A creature of the Beeb

You know those kids abandoned in the woods and brought up by wolves? Well, I was brought up by the BBC. By Radio 4, to be specific. I mean that about 75% of everything I know and believe was provided for me by an unbroken 8 or 10 hours-per-day Radio 4 habit. And I’m pretty sure I’m not alone. I think that a largish part of my generation got to be who they are courtesy of the amazing, precious and unusual breadth and intelligence of BBC Radio 4. It’s a liberal education in a little box (labelled ‘Sanyo’ or ‘Roberts’) and nowadays, of course, it’s a liberal education on the Internet (and on your Sky digibox).

Case in point. Last night on Radio 4: a sequence of three programmes – one after the other – so good and so varied as to take the breath away: First Cut, a lovely, illuminating documentary about the ‘cut men’, the magicians in the corner who magically heal boxers’ cuts and often keep them fighting when no one else could. Then, an utterly fascinating doc about animal sex selection. Did you know that, for every 100 human females, 105 males are born? Did you know that, in wartime, more human males than females are born? That birds and mammals produce more males in times of food scarcity, more females in times of plenty? After that, one of Charles Wheeler’s five moving programmes about the end of war, marking the 60th anniversary of VE Day. Essential listening.

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4 comments

  1. I cant agree with you more. Last night triggered the same comment and a thought that maybe I should go and be a long distance lorry driver in order to be able to listen Radio 4 all day.

    I just hope they never mess it up.

    JB

  2. There is one thing you learn and that is you can’t listen to R4 all day and all evening, because you get driven mad by repeats.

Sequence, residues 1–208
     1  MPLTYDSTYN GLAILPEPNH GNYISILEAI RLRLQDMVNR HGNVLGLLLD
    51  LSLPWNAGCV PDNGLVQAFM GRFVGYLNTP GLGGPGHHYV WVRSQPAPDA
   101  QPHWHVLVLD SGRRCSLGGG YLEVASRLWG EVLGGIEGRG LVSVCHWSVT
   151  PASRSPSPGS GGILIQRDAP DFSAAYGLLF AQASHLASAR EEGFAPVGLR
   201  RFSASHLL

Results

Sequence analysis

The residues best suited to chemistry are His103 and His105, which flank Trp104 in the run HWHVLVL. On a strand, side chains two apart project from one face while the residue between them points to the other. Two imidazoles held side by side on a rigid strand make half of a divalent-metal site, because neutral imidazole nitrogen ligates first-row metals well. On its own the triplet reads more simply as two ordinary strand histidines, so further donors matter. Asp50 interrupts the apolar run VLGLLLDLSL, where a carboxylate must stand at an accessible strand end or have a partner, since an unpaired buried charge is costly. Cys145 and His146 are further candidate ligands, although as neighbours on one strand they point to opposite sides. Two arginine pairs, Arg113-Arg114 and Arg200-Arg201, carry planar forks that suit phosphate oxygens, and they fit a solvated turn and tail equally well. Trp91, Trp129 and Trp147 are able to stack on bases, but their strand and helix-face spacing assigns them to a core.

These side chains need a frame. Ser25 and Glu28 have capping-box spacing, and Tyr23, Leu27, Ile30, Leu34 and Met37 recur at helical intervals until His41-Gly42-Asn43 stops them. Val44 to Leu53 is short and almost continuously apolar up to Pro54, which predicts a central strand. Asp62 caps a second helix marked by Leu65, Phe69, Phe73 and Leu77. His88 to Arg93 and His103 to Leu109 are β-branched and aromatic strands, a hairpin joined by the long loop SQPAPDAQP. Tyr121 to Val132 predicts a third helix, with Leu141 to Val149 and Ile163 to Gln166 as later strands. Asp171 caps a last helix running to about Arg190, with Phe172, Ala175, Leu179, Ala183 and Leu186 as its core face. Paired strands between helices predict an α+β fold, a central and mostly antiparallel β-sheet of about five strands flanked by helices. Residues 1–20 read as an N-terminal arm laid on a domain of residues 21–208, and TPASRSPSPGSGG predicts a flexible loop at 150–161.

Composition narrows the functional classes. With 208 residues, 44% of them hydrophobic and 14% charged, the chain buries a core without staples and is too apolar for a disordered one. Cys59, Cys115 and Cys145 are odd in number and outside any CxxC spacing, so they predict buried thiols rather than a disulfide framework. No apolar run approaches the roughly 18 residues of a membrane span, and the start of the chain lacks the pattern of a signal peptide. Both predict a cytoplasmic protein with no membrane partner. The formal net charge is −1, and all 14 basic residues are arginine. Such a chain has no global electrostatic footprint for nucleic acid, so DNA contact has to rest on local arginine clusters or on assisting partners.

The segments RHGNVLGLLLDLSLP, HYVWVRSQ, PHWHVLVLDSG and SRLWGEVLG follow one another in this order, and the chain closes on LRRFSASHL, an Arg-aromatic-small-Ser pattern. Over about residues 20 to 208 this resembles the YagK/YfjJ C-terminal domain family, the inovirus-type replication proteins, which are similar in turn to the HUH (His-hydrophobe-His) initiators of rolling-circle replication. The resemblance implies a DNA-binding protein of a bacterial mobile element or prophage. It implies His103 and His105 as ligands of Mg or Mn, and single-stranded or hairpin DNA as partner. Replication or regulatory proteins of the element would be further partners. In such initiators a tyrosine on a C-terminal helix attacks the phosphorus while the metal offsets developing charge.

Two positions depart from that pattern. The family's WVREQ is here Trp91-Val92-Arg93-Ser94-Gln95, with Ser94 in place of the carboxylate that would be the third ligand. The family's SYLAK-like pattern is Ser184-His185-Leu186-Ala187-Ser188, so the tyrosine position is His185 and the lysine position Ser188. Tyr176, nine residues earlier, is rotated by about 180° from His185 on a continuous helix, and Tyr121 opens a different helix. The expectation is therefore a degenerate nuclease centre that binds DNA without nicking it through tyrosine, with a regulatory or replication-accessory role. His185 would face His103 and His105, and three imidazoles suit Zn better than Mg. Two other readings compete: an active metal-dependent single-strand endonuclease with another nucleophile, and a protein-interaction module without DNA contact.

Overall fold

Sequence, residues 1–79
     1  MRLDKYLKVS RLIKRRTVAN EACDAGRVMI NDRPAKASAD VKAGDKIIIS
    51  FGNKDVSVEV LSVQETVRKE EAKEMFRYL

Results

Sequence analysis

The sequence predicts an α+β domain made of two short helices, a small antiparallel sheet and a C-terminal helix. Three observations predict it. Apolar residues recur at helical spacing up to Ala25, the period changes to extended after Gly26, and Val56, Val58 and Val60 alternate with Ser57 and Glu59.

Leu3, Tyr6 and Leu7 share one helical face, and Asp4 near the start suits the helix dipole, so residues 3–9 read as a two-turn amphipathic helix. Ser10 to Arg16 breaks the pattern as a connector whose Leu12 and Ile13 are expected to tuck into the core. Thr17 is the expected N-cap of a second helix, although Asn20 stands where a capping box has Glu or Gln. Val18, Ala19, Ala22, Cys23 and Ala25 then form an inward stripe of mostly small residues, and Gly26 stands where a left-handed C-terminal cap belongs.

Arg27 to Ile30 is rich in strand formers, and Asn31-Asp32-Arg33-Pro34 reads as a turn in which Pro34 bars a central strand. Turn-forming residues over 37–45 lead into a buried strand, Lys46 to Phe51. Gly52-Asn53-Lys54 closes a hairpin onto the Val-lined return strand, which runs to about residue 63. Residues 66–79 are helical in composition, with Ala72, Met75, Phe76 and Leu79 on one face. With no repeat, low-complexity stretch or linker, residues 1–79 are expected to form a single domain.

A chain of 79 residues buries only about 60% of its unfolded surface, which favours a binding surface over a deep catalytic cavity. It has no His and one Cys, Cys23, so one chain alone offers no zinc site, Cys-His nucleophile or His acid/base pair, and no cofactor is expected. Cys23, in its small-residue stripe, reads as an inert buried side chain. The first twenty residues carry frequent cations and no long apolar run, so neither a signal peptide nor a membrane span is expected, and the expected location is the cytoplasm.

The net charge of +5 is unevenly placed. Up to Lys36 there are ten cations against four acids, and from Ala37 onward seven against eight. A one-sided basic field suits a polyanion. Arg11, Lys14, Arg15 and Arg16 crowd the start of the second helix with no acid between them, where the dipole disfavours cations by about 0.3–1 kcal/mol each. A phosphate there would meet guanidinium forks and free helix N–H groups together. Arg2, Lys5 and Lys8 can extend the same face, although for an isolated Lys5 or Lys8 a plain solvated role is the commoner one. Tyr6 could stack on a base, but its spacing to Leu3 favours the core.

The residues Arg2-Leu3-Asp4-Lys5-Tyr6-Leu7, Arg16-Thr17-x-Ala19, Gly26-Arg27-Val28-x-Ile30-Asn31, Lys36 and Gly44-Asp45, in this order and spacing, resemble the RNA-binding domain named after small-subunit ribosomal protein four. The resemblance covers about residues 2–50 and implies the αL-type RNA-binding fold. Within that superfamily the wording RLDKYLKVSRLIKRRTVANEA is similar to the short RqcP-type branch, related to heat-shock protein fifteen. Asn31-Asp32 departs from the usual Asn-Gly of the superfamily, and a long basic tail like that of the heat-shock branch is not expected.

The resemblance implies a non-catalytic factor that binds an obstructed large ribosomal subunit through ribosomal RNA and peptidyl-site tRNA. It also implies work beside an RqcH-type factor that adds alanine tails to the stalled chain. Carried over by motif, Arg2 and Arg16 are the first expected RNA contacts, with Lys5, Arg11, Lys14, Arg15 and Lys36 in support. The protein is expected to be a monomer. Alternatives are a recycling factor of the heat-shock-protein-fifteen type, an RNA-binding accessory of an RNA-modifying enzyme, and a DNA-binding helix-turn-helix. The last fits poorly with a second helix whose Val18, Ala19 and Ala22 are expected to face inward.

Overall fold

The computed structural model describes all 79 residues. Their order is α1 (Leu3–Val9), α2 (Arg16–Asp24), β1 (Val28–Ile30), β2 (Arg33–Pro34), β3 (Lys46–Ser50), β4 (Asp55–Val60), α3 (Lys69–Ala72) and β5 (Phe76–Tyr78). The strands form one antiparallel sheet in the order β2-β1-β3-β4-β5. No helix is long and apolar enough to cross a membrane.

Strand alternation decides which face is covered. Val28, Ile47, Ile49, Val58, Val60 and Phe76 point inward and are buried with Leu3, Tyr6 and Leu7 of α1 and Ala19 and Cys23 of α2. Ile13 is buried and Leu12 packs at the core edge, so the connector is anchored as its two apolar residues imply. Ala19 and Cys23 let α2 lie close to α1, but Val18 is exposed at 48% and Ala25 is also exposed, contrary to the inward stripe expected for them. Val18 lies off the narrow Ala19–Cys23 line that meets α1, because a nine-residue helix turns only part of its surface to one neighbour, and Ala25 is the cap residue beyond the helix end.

One of my proudest moments was when Webmedia got the Archers website!

  3. Coming Home

    Indispensable listening. Coming Home on radio 4 – five personal interpretations of what the end of the second world war meant to people in Britain and across the world, Charles Wheeler. I’ve long felt deep sympathy for the fate of…

  4. This touched me somewhat – for although I never listened to Radio 4 “all day” – I sure did grow up with Farming Today and the Today Programme. My father perfected his English through the Today programme – and I grew up with a head start in English vocabulary because of it. I sorely miss Brian Redhead. And today’s Today is simply not the same as it used it used to be. But I am still fiercely loyal to it – and will not wake up to anything else.

    (Actually – I wake up to the UK theme – and although the tune is a little eccentric and quirky – I simply *know* that the world is still alright and that civilisation still exists when I wake up to the UK theme at 5.30am. The day I don’t wake up to it will be doomsday …)

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